15. Amos IV, 13. That is how the Emperor must have translated the verse, drawing an inference from the two different words used to denote creation (E.V. = he that formeth the mountains and createth the wind.
  16. Gen I, 27.
  17. Ibid. II, 7.
  18. The part containing both eye and ear.
  19. Ps. XCIV, 9. Two different expressions are used for the creation of the eye and ear respectively.
  20. The one who planted and the one who created. I.e., assuming that there were two creators of man, he could not completely die unless both agreed; otherwise, the creator of the eye might insist that the eye goes on living, whilst the creator of the ear might wish it to die.
  21. A priest of the Zoroastrian Religion.
  22. Ormuzd, the principle of light, life and good, in the Zoroastrian system, constantly at war with Ahriman (q.v.).
  23. Angra Mainyus Lit., 'the Destroyer', the head of the forces of darkness, death and evil. Warfare must be waged between the two, Ormuzd and Ahriman, for twelve thousand years, at the end of which Abriman will be defeated by Ormuzd V. J.E. I, 294. s. v. Ahriman. Hence the upper part of the body, which contains the head and heart, and consequently what is good in man, belongs to the former; the lower half of the body, the seat of the sexual and excretory organs, to the latter.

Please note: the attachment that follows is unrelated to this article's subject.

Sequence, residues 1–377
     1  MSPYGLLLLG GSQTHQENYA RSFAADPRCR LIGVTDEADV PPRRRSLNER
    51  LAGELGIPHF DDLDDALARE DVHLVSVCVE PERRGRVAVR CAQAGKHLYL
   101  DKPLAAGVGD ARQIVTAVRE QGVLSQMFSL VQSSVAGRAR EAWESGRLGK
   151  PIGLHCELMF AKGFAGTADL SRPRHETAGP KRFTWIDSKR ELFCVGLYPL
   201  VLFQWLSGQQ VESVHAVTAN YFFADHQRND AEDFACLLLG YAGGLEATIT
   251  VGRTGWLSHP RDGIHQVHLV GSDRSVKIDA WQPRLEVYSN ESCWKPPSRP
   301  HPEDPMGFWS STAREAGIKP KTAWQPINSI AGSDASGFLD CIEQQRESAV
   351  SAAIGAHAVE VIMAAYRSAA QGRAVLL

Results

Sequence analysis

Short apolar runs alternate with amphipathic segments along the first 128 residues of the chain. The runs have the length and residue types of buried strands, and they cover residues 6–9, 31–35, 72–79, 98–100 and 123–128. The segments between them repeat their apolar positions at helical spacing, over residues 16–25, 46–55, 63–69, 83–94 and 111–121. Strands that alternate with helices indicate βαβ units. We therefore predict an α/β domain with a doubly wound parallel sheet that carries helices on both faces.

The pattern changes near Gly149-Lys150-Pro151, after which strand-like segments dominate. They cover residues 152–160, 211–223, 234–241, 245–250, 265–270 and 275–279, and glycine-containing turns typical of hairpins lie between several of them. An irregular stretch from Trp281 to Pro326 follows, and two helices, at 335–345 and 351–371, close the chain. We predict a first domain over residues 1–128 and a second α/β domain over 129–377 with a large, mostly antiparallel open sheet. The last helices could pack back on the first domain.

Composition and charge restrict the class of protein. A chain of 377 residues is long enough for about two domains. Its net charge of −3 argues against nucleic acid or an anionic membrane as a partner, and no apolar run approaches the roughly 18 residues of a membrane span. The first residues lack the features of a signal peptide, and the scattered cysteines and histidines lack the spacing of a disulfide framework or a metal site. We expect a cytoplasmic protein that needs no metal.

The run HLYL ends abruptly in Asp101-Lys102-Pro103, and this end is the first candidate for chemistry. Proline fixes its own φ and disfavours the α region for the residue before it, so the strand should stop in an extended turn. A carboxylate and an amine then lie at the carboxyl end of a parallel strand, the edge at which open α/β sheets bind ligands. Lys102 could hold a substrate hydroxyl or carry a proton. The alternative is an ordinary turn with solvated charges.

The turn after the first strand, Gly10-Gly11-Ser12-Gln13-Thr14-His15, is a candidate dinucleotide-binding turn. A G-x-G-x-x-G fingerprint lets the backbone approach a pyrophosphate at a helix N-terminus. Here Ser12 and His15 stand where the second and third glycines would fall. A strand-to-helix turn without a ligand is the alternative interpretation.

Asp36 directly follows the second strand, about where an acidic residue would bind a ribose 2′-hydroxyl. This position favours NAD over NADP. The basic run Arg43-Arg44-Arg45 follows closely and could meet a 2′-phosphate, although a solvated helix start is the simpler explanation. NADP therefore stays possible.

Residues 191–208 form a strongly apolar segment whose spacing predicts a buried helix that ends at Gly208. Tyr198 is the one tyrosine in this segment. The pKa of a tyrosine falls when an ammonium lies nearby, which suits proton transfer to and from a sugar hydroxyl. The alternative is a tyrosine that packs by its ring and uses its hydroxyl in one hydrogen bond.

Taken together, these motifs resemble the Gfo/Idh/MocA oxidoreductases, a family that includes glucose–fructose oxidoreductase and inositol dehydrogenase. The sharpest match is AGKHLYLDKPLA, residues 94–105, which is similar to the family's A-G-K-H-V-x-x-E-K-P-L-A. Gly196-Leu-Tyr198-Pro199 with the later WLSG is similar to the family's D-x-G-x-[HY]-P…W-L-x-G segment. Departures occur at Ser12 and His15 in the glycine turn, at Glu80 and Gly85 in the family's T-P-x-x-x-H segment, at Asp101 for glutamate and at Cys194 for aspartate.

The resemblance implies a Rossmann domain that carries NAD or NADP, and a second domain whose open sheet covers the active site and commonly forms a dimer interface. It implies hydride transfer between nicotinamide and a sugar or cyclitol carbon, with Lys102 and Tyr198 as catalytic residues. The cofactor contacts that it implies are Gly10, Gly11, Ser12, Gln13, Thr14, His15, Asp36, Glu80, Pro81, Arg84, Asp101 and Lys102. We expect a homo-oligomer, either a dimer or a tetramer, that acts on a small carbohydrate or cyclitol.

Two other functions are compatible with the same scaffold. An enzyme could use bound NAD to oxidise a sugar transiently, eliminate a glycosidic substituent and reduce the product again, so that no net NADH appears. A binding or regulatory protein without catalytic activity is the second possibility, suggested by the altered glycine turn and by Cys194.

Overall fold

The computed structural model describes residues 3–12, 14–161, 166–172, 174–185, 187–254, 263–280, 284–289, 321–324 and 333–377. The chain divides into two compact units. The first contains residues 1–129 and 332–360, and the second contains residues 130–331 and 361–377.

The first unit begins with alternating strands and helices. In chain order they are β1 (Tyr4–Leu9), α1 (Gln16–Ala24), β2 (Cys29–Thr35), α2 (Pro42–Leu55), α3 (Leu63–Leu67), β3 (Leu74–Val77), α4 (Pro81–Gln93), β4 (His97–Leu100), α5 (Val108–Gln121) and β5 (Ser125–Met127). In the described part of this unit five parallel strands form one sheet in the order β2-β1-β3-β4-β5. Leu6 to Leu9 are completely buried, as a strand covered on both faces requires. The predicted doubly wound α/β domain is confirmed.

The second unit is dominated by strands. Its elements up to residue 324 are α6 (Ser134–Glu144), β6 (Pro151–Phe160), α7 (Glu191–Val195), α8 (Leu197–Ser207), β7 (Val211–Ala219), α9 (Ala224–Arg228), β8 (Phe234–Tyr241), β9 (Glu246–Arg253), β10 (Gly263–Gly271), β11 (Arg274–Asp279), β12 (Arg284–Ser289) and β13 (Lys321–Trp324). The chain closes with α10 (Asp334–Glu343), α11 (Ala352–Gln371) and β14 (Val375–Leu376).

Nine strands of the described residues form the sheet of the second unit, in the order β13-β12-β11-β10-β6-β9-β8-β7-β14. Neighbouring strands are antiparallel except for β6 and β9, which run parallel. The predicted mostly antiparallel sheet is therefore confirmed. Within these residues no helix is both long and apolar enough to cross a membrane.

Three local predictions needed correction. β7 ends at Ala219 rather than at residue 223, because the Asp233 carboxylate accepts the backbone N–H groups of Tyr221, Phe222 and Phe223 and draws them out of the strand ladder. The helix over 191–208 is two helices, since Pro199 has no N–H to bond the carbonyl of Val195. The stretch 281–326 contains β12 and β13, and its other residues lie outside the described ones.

24. I.e., the excreta.
  25. Circumcision cannot be effaced entirely.
  26. An enclosure in which wild beast or fish are kept. Perhaps the arena.
  27. [Herford, op. cit. 253, suggests this Emperor to have been Julian the Apostate (361-363).
  28. Cf. Aboth III, 6.
  29. So Rashi. Others translate: Struck him with his ladle.
  30. I.e., why doest thou permit it to enter?
  31. Rashi: the infidel.
  32. Lit., 'rests'.
  33. I.e., He makes His prophets ridiculous.
  34. Ezek. IV, 4.
  35. Ibid. verse 6.
  36. Cf. Lev. XXV, 3; 21.
  37. Lit., 'His country.'
  38. Lit., 'A merciful one full of mercy.'
  39. I.e., the leaders.
  40. Ex. XXV. 2. Wave offering, as a rule, were given to Priests.
  41. Deut. XXXIV, 6.
  42. V. Lev. XXII, 4-6.
  43. Isa. XL, 12. I.e., He could not bathe in water, relatively so scanty compared with Himself.
  44. Ibid. LXVI, 15.
  45. Num. XXXI, 23. Essentially therefore, purification is by fire.
  46. II Sam. VII, 23.
  47. Isa. XL, 17.

Sanhedrin 39b

And he [Israel] shall not be reckoned amongst the nations.1

R. Eleazar opposed [two verses]: It is written, The Lord is good to all,2  but it is also written, The Lord is good unto them that wait for Him!3  — This may be compared to a man who has an orchard. When he irrigates it, he irrigates the whole; but when he prunes, he prunes only the best [trees].4